Brandon Lewis ’13 was looking for a tangible experience to apply what he was learning in the classroom as an urban studies major. Kimberly Rubin ’12 wanted to do community outreach for a not-for-profit organization. And Jason Mogen ’12 hoped to spend the summer of 2011 doing something other than working in a lab.
The three were members of the first class of fellows in the Kenneth Cole Community Engagement Program, a Columbia initiative that seeks to inspire and empower the next generation of community leaders and help students become effective change agents of change. The program was started in 2011 by Columbia College and Columbia Engineering, in partnership with fashion designer Kenneth Cole P’10.
The program’s goal is to introduce College and Engineering undergraduates to the challenges of and opportunities for community building in contemporary urban America and give them the academic and practical experience to become community leaders. Students selected for the program, called Kenneth Cole Fellows, spend two semesters studying urban issues and learning about community engagement, collaboration, leadership and problem-solving before embarking on summer-long internships at New York City community organizations. The program is designed for students who are willing to devote a considerable amount of time and energy to reflect on the process of community building.
“It was [Cole’s] impetus to want to create something at Columbia that’s about teaching students — future community leaders — how to reach for social change within their local and global communities,” said Todd Smith-Bergollo, associate dean of student affairs. “It’s really about looking at issues that are affecting our communities and how we can be a part of the solution.”
Sophomores and juniors apply to the program in mid-November, and between 11 and 13 are selected as Kenneth Cole Fellows by the end of the fall semester. Students are required to complete two electives related to community building and engagement. In the spring, they meet for a required biweekly colloquium, “Topics in Community Engagement,” and, during the summer, they are placed in teams to work at local community organizations. The projects are focused on initiatives that address local problems, encourage social action, strengthen communities and promote social change.
Fellows also live together in a Columbia residence hall during the summer, giving them the opportunity to bond over similar interests and bounce ideas off one another. Once a week, they meet with program staff members to discuss their projects, learn about community engagement and problem-solving, hear from guest speakers and visit local organizations. Each fellow also receives a $3,000 stipend.
The Kenneth Cole Community Engagement Program also sponsors public lectures, workshops and other events related to community engagement throughout the academic year, including the Kenneth Cole Forum each October, which includes special guests and presentations by past fellows on their summer experiences. The fall 2011 forum featured Geoffrey Canada, president and CEO of the Harlem Children’s Zone, and focused on “The Power of Community Engagement: Impact, Innovation and the Individual.”
Cole said his goal in starting the program was to “empower and further inspire Columbia’s talented student body with necessary tools to be able to make meaningful and sustainable differences in their respective communities, to become effective social entrepreneurs and the next generation of ‘change agents.’”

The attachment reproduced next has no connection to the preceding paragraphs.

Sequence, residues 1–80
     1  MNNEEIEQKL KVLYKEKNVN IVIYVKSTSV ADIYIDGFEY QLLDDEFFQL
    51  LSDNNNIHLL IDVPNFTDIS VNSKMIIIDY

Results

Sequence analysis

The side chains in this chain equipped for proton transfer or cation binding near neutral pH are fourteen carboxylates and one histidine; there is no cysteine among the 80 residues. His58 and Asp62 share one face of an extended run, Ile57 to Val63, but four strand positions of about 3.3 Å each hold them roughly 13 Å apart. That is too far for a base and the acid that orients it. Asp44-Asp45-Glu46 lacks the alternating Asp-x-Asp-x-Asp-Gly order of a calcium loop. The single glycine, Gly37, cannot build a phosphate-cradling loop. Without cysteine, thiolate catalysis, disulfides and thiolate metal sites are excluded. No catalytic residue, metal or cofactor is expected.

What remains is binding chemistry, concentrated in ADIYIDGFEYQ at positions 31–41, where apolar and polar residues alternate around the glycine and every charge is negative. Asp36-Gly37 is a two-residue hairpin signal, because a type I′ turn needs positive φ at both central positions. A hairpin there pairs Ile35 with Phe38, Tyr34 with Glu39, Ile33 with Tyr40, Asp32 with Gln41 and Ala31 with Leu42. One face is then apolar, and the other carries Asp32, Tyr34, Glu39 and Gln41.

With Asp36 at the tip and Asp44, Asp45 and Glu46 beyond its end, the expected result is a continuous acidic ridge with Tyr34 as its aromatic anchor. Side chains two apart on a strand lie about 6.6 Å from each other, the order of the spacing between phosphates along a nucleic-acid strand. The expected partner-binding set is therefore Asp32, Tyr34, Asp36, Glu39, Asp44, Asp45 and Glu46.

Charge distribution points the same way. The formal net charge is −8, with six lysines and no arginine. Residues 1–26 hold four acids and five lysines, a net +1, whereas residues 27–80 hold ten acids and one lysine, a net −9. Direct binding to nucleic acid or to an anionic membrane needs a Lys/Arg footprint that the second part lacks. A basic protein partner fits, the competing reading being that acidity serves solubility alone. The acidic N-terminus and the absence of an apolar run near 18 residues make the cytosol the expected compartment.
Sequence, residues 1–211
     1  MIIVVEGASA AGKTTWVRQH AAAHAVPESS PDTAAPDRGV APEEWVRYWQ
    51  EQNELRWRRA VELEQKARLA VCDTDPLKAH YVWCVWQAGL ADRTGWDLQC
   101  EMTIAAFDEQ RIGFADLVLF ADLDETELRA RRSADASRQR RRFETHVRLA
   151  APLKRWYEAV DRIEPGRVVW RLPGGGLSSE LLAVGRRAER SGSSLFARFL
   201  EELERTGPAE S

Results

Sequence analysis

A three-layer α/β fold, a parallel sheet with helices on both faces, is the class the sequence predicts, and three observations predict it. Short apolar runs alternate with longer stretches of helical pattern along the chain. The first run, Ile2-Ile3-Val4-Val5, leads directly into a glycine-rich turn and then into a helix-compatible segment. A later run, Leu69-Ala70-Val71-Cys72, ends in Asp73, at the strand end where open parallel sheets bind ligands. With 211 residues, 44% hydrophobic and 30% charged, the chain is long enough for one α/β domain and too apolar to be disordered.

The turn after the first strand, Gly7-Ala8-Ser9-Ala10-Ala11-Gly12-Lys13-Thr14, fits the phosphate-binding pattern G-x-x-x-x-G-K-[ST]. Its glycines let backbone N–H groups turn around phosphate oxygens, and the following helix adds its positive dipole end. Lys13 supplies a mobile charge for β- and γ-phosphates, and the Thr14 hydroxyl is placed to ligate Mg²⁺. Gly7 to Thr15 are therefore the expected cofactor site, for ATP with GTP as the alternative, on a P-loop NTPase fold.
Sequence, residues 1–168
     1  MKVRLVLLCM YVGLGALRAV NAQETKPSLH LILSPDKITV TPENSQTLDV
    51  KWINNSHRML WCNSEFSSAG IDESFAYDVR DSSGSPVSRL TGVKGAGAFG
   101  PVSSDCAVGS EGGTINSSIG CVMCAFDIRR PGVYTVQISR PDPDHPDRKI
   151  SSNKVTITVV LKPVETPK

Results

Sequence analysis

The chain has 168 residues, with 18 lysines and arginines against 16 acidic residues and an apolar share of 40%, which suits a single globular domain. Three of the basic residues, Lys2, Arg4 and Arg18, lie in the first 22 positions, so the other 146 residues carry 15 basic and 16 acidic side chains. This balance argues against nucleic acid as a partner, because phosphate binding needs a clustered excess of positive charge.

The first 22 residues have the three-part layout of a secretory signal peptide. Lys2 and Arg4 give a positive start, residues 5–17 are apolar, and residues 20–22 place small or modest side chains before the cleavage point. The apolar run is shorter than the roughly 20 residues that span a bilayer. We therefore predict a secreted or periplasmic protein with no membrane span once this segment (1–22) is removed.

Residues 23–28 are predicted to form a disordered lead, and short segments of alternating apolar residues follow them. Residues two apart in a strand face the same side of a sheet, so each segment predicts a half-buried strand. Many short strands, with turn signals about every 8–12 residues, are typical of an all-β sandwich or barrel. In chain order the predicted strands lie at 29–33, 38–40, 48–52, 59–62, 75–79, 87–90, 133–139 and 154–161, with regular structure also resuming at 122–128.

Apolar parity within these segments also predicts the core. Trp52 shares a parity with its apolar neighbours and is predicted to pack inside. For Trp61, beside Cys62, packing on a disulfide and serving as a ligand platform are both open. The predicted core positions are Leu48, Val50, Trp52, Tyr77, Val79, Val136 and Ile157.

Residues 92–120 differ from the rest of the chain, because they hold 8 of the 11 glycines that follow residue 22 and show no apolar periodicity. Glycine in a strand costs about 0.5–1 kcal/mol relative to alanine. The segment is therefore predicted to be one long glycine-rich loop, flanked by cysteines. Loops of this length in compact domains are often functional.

“I have always believed that our universities need to recognize their interdependance with our communities and that the best way to address their individual needs and to provide for their collective futures is through collaborative programs like this,” Cole said. “I am proud and enthusiastic to be partnering with Columbia in this important initiative.”
During the summer 2011, Columbia students worked for the Community League of the Heights, Legal Information for Families Today, and the Mary Mitchell Family and Youth Center. Students working for CLOTH surveyed the community about what services were needed at a new community center in Washington Heights. Those at LIFT also surveyed community members about how to better provide legal information and education to children and families in the community.
Students interning at the Mary Mitchell Family and Youth Center created a business plan for “La Canasta,” a new program to distribute affordable fresh fruits and vegetables in the South Bronx. The Mary Mitchell interns also coordinated student workshops on community gardening and photography and volunteered at the local farmer’s market.
“[It’s an] opportunity to really take a hands-on approach to a community issue,” said Rubin, an urban studies major from rural Maine who worked at the Mary Mitchell Center. “It was really wonderful to be thrown in and have that much expected of you. You really have to rise to the occasion.”
Students said the program also gave them the opportunity to learn about parts of New York City they had never known and make an impact on neighborhoods and communities. They also got the opportunity to represent Columbia outside of Morningside Heights.
“Columbia students are in the community, using the space and the resources. We were able to go into the neighborhoods right next door and provide new resources to this community-building organization,” said Mogen, a music major from Long Island.
“I definitely recommend it to those who are interested in making an impact on their neighborhood,” said Lewis, who is from suburban Atlanta. “I think I learned most that being here is an awesome experience and it’s a special experience and those of us who are privileged to go to an institution like Columbia University should take that and use it outside of the gates.”
Learn more about the Kenneth Cole Community Engagement Program.